Phil Ouellette
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Old 29th August 2001, 02:04 AM   #3
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Quote:
Originally posted by haldor
MOV's will help reduce voltage spikes, but I don't see how they could have any other positive effect on line noise.
There are places where the PRIMARY noise on the line is high voltage spikes. This would usually be near lots of high power electric motors (an industrial area).
Quote:
Actually there are two good reasons to not use MOV's. First, they wear out, an MOV is degraded every time it absorbs a voltage spike and will eventually fail, usually catastrophically. Second, MOV's pollute the power for every other piece of equipment on the same power circuit. They take a voltage spike that is on one line and turn it into a common mode voltage surge on both the line and neutral, this is actually harder for other equipment to ignore. In addition the way they are usually used, they dump noise to ground. Most audio engineers won't have anything to do with MOV based line protectors for that reason alone.
Good point about the failure mode. As to the pollution, I guess it depends on how they're connected. I've seen them connected across the power leads. I've also seen them connected in a 'triangle', between the power leads, and ground. I think that the second method is the one that throws the noise (spikes) into ground.

The way I've got them connected is across the power leads (4 in parallel), mixed with 4 0.02uF 1KV caps. The power cord is 15 ft. long, 10 guage (plugged into a dryer outlet; 240V/two-phase/30A), with 2 0.005uF 3KV caps in the plug. The caps should pull out the small spikes, leaving the big spikes to be absorbed by the MOVs. I feel that this mix gives the best of both worlds.
Quote:
The best powerline protection product I know of is called SurgeX. This product uses a big honking inductor and caps to filter noise and spikes from the incoming power line. They aren't cheap, but they do work and don't wear out. I have seen these used to protect $100K mixing consoles.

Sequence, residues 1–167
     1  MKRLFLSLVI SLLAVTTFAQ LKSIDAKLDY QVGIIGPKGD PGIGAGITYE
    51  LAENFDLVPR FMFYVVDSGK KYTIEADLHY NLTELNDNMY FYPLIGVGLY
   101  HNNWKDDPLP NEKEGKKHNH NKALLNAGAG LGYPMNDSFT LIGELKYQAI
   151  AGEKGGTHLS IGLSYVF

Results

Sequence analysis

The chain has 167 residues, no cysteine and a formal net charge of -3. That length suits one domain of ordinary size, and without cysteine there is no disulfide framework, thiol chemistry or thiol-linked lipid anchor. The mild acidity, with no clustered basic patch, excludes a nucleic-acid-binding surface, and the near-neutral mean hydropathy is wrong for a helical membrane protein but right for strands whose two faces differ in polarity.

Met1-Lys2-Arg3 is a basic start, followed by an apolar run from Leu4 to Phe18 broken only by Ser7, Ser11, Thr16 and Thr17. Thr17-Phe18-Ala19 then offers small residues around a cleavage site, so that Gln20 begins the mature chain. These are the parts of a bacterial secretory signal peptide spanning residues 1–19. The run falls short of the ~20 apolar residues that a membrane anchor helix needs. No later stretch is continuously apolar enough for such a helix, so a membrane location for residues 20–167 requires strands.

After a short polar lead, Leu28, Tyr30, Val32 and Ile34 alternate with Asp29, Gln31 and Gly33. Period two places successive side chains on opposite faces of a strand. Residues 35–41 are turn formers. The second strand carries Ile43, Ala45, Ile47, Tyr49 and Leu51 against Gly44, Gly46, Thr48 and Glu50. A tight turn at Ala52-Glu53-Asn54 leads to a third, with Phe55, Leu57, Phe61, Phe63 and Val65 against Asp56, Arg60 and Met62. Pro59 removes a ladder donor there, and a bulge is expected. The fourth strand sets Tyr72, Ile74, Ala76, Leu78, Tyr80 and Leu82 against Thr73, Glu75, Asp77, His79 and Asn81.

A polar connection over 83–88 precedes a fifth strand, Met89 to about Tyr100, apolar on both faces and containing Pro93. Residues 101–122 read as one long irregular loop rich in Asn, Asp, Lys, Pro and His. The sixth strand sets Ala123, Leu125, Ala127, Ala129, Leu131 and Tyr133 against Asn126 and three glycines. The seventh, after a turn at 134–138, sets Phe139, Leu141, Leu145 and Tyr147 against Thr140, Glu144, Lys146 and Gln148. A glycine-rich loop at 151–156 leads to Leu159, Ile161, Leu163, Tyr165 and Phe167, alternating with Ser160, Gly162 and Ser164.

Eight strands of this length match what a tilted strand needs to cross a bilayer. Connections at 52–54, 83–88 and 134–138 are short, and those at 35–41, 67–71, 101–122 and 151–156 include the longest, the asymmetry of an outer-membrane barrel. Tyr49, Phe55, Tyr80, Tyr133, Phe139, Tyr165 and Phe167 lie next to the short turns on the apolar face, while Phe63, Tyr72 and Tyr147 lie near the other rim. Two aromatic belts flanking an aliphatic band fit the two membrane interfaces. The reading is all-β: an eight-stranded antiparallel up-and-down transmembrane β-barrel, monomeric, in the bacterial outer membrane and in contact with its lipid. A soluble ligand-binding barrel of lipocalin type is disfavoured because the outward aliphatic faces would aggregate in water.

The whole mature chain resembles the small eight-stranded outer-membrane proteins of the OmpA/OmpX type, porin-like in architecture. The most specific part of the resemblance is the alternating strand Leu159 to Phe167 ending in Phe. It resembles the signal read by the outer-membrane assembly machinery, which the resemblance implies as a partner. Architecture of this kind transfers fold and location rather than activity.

This appears to be an inteligent solid state spike filter (a smart MOV), combined with a hefty capacitor/inductor filter. I've never dealt with them, but there is the potential for a VERY good filter here. From what I can see, they've achieved that.
Quote:

I have a hard time imagining that anything you do to a line cord is going to make much of a difference. Even if the few feet of cable between the wall outlet and your equipment is perfect, what about all the wiring inside your walls? Using bigger gauge power cords won't make any real difference unless you are using a long extension cord. Your line cord is still in series with the household wiring which last time I checked is not audiophile grade. Even if the line cord impedance is below 0.01 ohm, the wiring in your house typically has several ohms of impedance (I once measured the source impedance of the AC power at my lab bench in my 45 year old house, it was over 8 ohms).
I have high power amps (250WPC stereo) that came with an 18 guage (16 guage? I don't recall exactly) IEC power cord. When that was replaced by a 14 guage shielded power cord, the background noise dropped. This was probably more due to the shielding than the wire. On the other hand, I'm sure that the heavier wire cut distortion at high power levels.

[Edited by thoth on 09-04-2001 at 11:27 PM]
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Old 29th August 2001, 03:58 PM   #4
haldor is offline haldor  United States
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[QUOTE]Originally posted by Thoth
Quote:
I have high power amps (250WPC stereo) that came with an 18 guage (16 guage? I don't recall exactly) IEC power cord. When that was replaced by a 14 guage shielded power cord, the background noise dropped. This was probably more due to the shielding than the wire. On the other hand, I'm sure that the heavier wire cut distortion at high power levels.
Sounds like you are picking up noise from other equipment in your system. Interesting, I never have used shielded power cords before. Did you characterise the noise, was it inductively coupled line noise or was it RF? Shielding will attenuate RF, but the only thing that helps inductive coupling is either distance, a tightly twisted pair of wires, steel conduit or some combination of the same.

I wonder if you could get better effect by using a tightly twisted pair (line and neutral twisted at least 3 turns per inch) with a seperate ground wire? It would be interesting to try making some custom power cords like this and see how they compare to your shielded cables.